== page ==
Blockchain use case autonomous driving – the car as a business entity on the blockchain

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The Blockchain use case autonomous driving

In the post “The blockchain use case for micropayments” I show how blockchains can act as a global settlement layer for payments with diminishing transaction costs. In this article, we will have a look what blockchains can and cannot do in a world of autonomous cars. For future fleet operators such as Waymo, Uber, Tencent, Baidu, Alibaba, BMW, Daimler, Tesla, etc. it is important to answer the questions: the blockchain use case autonomous driving, is it hype or fruitful symbiosis?

WHAT is this about – the autonomous car as a business entity

In the future scenario where autonomous cars are deployed on our roads we need to have answers to the following questions (not exhaustive):

  1. How will autonomous cars pay for services they use: toll roads, parking, charging, etc.
  2. How will autonomous cars get paid for services they provide: giving someone a ride, moving out of the city center to free up parking space, etc.
  3. How will autonomous cars compensate each other: incentive for one car giving way to another?
  4. How will (real-time) billing between fleet operators, car manufacturers, mobility providers, data and map providers, insurance providers, city municipalities, etc. work?
  5. How will autonomous cars authenticate riders?
  6. How will miles driven be logged properly so that the fleet owner knows how much taxes he needs to pay to the road operator in real-time?
  7. How will services inspections be logged (service history) and who owned the car before (owner history)?

It is clear that autonomous cars will become own business entities. How can blockchain technology help to make this transition?

HOW will it work – blockchain use case autonomous driving

If we cluster the 7 questions above we arrive at 4 distinct properties that are required for an autonomous car to act as business entity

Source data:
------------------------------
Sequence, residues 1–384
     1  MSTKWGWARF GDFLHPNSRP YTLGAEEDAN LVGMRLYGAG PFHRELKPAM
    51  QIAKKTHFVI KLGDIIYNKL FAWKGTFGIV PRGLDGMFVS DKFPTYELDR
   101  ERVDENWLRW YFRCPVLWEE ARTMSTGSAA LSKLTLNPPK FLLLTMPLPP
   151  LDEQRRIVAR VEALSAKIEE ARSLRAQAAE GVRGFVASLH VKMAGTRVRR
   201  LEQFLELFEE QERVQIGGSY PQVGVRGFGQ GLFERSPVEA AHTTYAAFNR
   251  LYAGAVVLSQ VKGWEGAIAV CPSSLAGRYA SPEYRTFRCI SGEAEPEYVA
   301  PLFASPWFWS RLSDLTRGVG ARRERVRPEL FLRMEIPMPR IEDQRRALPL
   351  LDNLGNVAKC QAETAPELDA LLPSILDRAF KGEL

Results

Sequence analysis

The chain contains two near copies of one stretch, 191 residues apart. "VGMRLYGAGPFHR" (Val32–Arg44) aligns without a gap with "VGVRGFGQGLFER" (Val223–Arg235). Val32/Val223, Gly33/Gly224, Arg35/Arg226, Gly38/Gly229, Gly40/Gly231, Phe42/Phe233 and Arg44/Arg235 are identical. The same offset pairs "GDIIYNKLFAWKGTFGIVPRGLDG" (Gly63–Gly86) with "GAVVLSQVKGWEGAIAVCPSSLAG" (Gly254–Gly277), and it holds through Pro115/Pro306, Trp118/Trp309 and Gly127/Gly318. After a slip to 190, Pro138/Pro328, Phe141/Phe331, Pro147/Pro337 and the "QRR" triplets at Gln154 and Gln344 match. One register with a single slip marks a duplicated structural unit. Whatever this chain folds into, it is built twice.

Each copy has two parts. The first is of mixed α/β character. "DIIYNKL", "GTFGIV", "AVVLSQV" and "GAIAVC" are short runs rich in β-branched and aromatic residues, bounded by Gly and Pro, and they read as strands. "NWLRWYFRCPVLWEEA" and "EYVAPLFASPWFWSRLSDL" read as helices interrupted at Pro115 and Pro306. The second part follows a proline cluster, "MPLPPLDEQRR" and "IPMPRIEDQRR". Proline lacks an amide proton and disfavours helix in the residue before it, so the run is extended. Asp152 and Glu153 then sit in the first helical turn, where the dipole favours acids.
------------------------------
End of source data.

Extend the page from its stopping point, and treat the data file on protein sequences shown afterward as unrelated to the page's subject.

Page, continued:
• A system to “stream” money (1-4). 
  • A set of rules (aka smart contracts) that trigger payments between the involved parties (1-4). 
  • A unique, fully digital identity (5). 
  • A tamper proof data store (6-7). 

Blockchain use case autonomous driving

Let us now dig deeper into the blockchain use case autonomous driving along these properties:

  • A system to “stream” money (1-4). The beauty of the major cryptocurrencies (Bitcoin, Ethereum, NEO, etc.) is that they allow to send value around the globe instantly. With the introduction of 2nd layer scaling technologies, “streaming” money will become a reality. One such example is the Lightning Network for Bitcoin that operates on bidirectional, secure peer to peer payment channels that are managed outside the main blockchain. The ultimate settlement of the final balance still happens on the Bitcoin blockchain but only after a large number of (micro) transactions happened on the channel. This will drastically (by orders of magnitude) improve confirmation times. Also, transaction costs will go towards zero in this scenario. Similar as with data APIs today where we moved transactional APIs towards streaming API’s, the same will happen with cryptocurrency. Right now we are in the transactional age, due to the existing transaction fees to motivate miners. In the not too distant future we will arrive at the age of “streaming” money at almost no cost.
  • A set of rules (aka smart contracts) that triggers payments between the involved parties (1-4). With many different actors providing services for the autonomous driving ecosystem, billing will become messy. Let us consider the following case: most of the cars on the road will be collecting data via its sensors and upload them to a cloud storage for processing. This will be required to make autonomous driving work to warn other cars of changing road conditions, accidents, etc. but also to update the high-definition maps that are stored on the backends. Since everyone is benefiting from this data the entity that collected it should get some kind of compensation. Things can get complicated quickly here. Is every data set worth the same? What if the same dataset was sent already by another car? If this is a premium autonomous car with the best sensors available out there, should data sets from this car be worth more? The list goes on and on. What often happens in practice is to make billing less of a nightmare, participants are compensated either based on assumptions made on a yearly basis or someone will come up with an approximation formula. It is important to know that in today’s corporate world billing is far from real-time and often happens much after the service was provided. This is where the smart contract layer on top of a cryptocurrency can help to make a real difference. A smart contract is basically an deterministic algorithm (same output at same input) which is executed by all nodes in the network at the same time. This would allow much more complicated billing algorithms to become a reality. Once agreement on the algorithm is established, the reliable execution of the contract and automatic triggering of payments to the involved parties can greatly improve billing among multiple parties. This way, every party can rely on the blockchain that correct and real-time billing will happen and saves each party from implementing their own version of the billing algorithm.